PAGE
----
A Year Without Social Media Blog

A Year Without Social Media- 3 Realizations I’ve Had So Far

I’m back to the blog for what I hope will be an extended season of much more frequent blogging. As you can read about in this post, I spent last year from birthday to birthday (2020-2021) on a hiatus from clothes and shoes shopping. My goal was not to purchase any new items for a year. I just completed the year, and it was an immensely positive experience with benefits far outweighing any possible downsides. (You can read about the two exceptions to the challenge in my extended post about it.)

As I approached my birthday this year, I was feeling a pull to experiment with another hiatus, this time from social media. For years and years I have had this love/hate relationship with socials. I love some of the interaction and connection I get from them, but then I also end up feeling some sort of self-loathing after using it even for short spurts of time. It’s not self-loathing based on comparison to others, but more from simply wanting to be the kind of person who uses my time to do more productive, enriching or stimulating things. I’m worried it’s contributing to a shortening attention span, it’s not making me any smarter and as the book Bored and Brilliant says, it keeps me from ever being bored and letting my mind wander. I also just desperately want my kids to grow up in a house that isn’t dominated by phones and devices, and I know that starts with us as the parents setting the example.

So I’m going to try it. I’m going to try to spend a year from birthday to birthday off of social media (Instagram and Facebook). I may need to use it some professionally. Some of my work involves clients’ social media and I may use my extra time without personal social media usage to post a bit more on my professional pages, but I’ll do as much of that as possible from scheduling platforms so I avoid having to be in the apps.

I’ve done some extended time off of social media in the past. For a couple of different years it was a Lenten abstinence. There’s been one or two times I just deactivated my Facebook and stayed off of it for… I can’t remember exactly. Maybe a few months to half a year? Every time I do it, it’s always good. I never got to the end of those stretches and looked back and thought, “wow I really regret being off of social media.”

My birthday was a few days ago now and I had hoped to get a post up on the day-of. I can already see that making the time to sit down and complete a blog start to finish will take a lot more intentionality and effort than sitting down and using social media does. No surprise, there, of course. But I think what I’m saying is:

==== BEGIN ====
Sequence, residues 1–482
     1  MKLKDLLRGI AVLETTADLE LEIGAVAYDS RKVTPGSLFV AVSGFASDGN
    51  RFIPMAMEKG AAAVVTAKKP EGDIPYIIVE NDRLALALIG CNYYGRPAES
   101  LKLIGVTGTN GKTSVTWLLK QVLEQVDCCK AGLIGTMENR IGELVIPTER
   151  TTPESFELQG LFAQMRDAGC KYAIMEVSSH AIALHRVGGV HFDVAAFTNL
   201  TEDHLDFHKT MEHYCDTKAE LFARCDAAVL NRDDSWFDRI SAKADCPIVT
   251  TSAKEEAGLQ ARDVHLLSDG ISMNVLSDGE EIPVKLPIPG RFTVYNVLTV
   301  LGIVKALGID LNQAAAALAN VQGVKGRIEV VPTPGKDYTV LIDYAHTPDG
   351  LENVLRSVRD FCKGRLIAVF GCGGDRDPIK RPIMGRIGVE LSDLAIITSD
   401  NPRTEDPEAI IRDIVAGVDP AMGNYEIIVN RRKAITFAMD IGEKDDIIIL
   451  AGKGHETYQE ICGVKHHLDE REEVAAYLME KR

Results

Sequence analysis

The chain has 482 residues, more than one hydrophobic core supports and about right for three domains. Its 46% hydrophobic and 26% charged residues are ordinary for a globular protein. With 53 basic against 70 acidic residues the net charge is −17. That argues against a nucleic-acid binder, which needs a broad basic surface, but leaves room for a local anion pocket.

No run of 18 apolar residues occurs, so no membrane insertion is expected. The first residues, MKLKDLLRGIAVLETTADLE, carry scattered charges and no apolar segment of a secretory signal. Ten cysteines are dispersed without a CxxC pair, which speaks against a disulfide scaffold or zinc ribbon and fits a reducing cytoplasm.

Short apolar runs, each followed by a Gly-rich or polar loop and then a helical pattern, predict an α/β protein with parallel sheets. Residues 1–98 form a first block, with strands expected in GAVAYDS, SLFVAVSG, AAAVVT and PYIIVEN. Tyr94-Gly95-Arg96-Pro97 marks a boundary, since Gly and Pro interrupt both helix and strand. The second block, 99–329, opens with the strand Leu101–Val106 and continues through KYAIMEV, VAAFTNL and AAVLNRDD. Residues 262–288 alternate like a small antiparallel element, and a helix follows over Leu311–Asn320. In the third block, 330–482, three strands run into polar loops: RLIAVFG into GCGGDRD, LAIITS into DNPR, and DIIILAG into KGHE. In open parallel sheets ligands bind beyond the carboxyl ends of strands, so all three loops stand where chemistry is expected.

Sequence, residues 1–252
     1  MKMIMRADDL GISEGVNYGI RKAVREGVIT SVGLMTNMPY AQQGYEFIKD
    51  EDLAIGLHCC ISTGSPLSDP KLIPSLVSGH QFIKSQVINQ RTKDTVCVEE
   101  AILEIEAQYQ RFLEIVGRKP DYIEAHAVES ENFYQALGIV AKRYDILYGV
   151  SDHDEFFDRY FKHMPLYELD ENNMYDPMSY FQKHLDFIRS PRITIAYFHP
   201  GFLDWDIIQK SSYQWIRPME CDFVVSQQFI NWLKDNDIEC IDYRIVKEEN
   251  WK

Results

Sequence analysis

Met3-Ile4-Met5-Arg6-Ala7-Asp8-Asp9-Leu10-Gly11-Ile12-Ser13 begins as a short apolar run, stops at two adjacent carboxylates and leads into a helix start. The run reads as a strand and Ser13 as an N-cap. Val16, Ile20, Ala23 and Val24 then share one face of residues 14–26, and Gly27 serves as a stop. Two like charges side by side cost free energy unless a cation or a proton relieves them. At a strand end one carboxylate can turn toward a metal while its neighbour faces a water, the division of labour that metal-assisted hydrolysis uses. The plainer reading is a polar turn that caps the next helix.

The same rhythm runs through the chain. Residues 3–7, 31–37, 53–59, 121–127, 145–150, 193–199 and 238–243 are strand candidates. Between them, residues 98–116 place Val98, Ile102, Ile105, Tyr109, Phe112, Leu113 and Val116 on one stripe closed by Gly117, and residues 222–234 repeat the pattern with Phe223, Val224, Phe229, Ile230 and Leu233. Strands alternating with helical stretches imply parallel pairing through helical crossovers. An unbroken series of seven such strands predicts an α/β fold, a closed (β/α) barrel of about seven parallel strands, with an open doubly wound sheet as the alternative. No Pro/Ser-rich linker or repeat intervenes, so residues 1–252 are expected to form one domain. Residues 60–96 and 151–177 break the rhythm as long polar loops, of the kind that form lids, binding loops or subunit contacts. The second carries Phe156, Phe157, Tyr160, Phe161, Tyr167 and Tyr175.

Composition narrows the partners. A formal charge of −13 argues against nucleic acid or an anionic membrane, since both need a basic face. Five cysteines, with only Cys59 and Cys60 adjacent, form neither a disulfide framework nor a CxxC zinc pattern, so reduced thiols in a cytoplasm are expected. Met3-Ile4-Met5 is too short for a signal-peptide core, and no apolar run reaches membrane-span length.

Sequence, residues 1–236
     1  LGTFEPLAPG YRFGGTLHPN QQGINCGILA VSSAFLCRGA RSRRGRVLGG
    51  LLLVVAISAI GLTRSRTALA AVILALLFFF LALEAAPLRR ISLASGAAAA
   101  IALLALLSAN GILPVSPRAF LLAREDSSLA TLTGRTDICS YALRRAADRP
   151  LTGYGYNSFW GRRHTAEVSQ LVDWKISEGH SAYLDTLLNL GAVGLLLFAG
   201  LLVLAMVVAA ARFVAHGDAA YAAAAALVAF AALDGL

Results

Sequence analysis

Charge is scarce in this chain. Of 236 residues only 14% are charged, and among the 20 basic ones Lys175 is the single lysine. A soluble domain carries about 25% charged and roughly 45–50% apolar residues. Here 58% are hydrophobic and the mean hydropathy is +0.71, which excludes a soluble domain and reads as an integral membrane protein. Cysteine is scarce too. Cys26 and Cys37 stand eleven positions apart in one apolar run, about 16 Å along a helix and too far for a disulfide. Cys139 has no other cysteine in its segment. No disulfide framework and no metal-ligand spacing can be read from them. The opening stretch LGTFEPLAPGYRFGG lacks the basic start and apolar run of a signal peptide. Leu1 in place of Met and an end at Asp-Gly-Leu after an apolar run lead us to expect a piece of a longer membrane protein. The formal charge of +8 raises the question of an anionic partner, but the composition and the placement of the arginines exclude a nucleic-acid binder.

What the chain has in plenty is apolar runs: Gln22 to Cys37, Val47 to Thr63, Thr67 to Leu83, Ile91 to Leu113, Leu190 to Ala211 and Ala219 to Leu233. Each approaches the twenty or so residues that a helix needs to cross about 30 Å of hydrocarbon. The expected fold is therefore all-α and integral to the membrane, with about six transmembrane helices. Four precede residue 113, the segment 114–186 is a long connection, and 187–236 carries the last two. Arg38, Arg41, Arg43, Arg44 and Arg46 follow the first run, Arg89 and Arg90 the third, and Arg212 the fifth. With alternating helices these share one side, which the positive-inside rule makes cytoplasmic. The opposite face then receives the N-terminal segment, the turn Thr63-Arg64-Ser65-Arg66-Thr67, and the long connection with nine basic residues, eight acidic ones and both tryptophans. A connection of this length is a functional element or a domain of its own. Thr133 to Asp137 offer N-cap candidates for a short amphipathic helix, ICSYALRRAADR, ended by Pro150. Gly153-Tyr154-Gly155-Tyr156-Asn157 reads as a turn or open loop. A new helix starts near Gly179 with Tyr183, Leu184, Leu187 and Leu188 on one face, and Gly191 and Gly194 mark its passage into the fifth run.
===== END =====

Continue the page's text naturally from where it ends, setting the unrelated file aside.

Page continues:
1. If I want to replace social media with blogging in terms of virtual connection and expression, it’s going to take more commitment, planning and thoughtfulness.

Which I think is a great thing, it will just take some adjustment from me and the way I manage my bits of free time. Another realization I’ve already had in just a few days (and is clarifying even as I sit here and type this) is:

2. I will have to continue to lean into imperfection if I want to put something forth at all.

This blog is personal, even though it’s attached to my business site. It’s not meant to be a work sample. For that, I have an entire portfolio of work to share with interested clients. It’s also not meant to be educational or to rank high on search engines. It’s here for me to share thoughts, life experiences, some photos, things I’m learning, etc. Realistically, the small pockets of time I have available to jot down some thoughts, organize them into a post and throw in some pictures will simply not allow obsessing over perfection. I’m positive that if I went back to re-read old blog posts from my college days I would find grammatical errors a-plenty. I would find stream-of-consciousness style of writing that wasn’t perfectly coherent and didn’t always flow smoothly. But I loved writing and sharing those posts and friends and family loved to read them. So that’s one of my goals: not to let the pursuit of (and my deep appreciation for) writing perfection keep me from sharing what I have.

The last realization I’ve already had in just a few days of social media hiatus is this:

3. I’m going to miss crowdsourcing for information.

When we move to a new city (right now we’re living somewhere just for 4-5 months), it’s so helpful to join Facebook groups from the local area to get recommendations for everything from a good pedicure to a good primary care provider. I’m not sure what’s going to be the best replacement for that kind of advice. Whenever I have a thought like that, “How am I going to do this without social media?” I ask myself, “Well, what did they do before social media?” and try to go from there. How did people share photos? How did they tell their friends about their day? How did they get hair salon recommendations?

I think even if/when I return to using social media, those are still practices I’d like to keep. This whole experiment has an underlying goal of increased one-on-one, high quality connections with people. By sending more texts, having more phone calls and video chats, writing more letters, and asking good questions.

That’s all for now. Hope to write a post soon about celebrating my birthday, maybe by next Wednesday?

Sav

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